Aug. 21 (UPI) — Much of the southern Plains, including Texas and Oklahoma, have endured extreme drought conditions this summer. AccuWeather meteorologists say a change in the weather pattern could bring rain to parched areas starting on Sunday, but it also could bring the risk of flooding.

The Dallas Fort-Worth metroplex, among many other areas, is expected to be in the crossroads of heavier downpours this week.

Since June 5, Dallas-Love Field Airport has recorded only 0.20 of an inch of rainfall. All of this rain came on or after Aug. 10, leaving the city with more than two months of no measurable rainfall. This minuscule amount of rainfall is only 3% of the average 6.03 inches of rain that the city normally receives during that time.

As the new week begins, the threat of heavier rain will shift into the south-central United States.

“A southward dip in the jet stream across the central U.S. will help to funnel moisture into parts of Oklahoma, Texas, Arkansas and Louisiana,” said AccuWeather Meteorologist Renee Duff. Unlike in recent days and weeks, that moisture will be plentiful, and come from multiple sources.

After pummeling the Southwest with repeated rounds of showers and thunderstorms, moisture from the North American monsoon will drift into the southern Plains. Meanwhile, a tropical system will lift northward out of the Gulf of Mexico, helping to allow for even heavier rain.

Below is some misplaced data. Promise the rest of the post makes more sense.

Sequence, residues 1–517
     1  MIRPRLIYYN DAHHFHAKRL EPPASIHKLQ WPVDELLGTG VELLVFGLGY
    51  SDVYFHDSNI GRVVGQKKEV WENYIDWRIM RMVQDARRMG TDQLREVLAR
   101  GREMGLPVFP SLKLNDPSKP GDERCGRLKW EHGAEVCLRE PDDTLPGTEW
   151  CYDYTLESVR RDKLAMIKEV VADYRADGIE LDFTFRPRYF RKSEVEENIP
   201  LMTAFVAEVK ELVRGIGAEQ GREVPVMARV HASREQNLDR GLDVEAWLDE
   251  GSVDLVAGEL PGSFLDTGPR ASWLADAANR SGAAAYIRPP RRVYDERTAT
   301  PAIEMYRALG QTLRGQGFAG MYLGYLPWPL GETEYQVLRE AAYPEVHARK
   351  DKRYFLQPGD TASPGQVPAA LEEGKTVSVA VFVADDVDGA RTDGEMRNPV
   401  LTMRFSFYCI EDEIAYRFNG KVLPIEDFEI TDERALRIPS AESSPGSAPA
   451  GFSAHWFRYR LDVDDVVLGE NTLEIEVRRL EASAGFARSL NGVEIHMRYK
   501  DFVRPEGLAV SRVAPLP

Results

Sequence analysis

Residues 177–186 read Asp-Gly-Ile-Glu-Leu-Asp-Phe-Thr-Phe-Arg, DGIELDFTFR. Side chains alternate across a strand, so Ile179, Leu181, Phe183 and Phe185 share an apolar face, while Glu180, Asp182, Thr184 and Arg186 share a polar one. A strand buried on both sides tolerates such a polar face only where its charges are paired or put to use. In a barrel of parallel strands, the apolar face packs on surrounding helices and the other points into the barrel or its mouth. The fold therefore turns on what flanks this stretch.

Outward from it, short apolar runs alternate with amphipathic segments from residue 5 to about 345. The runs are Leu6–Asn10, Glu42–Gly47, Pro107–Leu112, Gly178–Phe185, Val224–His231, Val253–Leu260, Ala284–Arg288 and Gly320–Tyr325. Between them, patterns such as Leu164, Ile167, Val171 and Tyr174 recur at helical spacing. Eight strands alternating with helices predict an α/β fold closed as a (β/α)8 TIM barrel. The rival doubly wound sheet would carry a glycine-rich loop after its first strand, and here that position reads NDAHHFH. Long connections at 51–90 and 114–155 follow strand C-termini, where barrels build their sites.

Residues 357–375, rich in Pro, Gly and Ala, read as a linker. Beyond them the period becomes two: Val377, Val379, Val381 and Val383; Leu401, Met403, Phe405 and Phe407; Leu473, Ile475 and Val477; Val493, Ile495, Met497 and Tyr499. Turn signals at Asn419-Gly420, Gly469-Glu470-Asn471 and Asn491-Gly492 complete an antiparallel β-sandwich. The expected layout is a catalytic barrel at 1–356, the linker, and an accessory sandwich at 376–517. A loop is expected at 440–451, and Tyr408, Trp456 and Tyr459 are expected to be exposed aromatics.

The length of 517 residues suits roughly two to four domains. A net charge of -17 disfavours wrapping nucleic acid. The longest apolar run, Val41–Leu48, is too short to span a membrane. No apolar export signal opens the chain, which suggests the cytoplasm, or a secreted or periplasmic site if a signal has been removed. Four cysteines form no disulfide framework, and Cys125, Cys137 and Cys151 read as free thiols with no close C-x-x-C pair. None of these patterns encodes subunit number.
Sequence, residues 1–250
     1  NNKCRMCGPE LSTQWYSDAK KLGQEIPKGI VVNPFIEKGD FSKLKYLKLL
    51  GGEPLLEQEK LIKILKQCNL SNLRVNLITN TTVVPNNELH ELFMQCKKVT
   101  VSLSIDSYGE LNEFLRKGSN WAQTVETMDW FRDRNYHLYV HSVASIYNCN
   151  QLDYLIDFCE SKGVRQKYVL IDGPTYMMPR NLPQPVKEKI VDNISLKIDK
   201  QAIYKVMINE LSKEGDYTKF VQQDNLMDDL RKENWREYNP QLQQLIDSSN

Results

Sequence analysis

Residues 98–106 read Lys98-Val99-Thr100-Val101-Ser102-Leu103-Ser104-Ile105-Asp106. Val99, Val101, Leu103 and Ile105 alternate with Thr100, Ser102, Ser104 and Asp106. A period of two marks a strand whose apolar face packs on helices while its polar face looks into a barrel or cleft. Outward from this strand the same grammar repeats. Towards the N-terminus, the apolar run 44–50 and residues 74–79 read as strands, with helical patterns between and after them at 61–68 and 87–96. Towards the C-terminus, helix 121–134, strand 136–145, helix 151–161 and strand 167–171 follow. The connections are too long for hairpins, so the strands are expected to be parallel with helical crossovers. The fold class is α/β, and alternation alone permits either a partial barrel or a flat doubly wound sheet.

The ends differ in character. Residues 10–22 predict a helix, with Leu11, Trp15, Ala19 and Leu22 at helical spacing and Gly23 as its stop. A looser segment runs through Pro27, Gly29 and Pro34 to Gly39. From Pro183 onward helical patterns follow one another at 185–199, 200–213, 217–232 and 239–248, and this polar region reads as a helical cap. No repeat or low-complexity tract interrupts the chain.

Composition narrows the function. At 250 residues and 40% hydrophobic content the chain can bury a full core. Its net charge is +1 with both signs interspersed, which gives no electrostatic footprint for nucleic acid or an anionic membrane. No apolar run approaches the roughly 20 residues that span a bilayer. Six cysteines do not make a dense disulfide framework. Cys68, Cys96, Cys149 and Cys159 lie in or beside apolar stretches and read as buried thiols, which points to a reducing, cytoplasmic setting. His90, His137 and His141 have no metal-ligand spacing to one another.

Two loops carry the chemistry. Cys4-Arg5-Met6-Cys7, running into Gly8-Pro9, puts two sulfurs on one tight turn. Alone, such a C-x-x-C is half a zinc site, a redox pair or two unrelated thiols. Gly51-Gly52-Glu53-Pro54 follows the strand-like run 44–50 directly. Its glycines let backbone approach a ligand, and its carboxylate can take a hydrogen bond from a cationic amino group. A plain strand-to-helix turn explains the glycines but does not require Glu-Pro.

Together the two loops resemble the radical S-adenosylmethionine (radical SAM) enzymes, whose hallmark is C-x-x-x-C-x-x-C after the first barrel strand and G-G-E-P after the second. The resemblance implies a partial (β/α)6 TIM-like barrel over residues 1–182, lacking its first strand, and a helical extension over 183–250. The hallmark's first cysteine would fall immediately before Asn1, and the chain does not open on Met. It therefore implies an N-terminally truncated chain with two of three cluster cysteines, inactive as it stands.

While the system never became a tropical storm as had once been possible, and impacts in South Texas remained limited, the flooding issues it may bring to Oklahoma and Texas will be unchanged as it lifts northward.

The heaviest and most widespread rainfall is expected to occur through Monday along the Red River to the Interstate 20 corridor, before shifting to the south and east towards the I-10 corridor Tuesday and Wednesday.

“The rounds of rain, through the middle of the week, are expected to bring widespread amounts of 2-4 inches from northwestern Texas into central Mississippi,” Duff said.

Areas along the Oklahoma-Texas border and into northern Texas are likely to receive even more rainfall, on the order of 4-8 inches, with an AccuWeather Local StormMax™ of 14 inches possible.

Low-lying and poor drainage areas will likely be the first to experience flooding following a heavier downpour. However, the enduring drought across the area means that more extensive flooding is possible, as the ground may will be slow to soak in any water.

Over 60% of the state of Texas is under an extreme or exceptional drought according to the latest update from the U.S. Drought Monitor, while over 85% is in at least a severe drought.

The above image shows the state of the drought across the south-central United States, according to the U.S. Drought Monitor update on Aug. 18.

Meanwhile, 90% of Oklahoma is experiencing severe or worse drought conditions.

Cities such as Oklahoma City and San Antonio will be on the periphery of the most persistent rainfall. Both have also had a dry summer and are experiencing extreme or exceptional drought conditions. Both cities have had less than a third of an inch of rainfall so far in August.

The rainfall that is expected to hit these areas in the coming week, in the long term, will help to make a dent in the persistent drought. However, the excessive dry ground will have trouble absorbing the rain in the short term, leading to more expansive flooding.

Rapidly rising water could cover roadways or even wash them out, making routes impassible, experts say. Drivers traveling at high speeds should also be careful to avoid hydroplaning on standing water.

“In order to stay safe, residents should have a way, such as the AccuWeather App, to receive the latest watches and warnings in their area,” Duff said.

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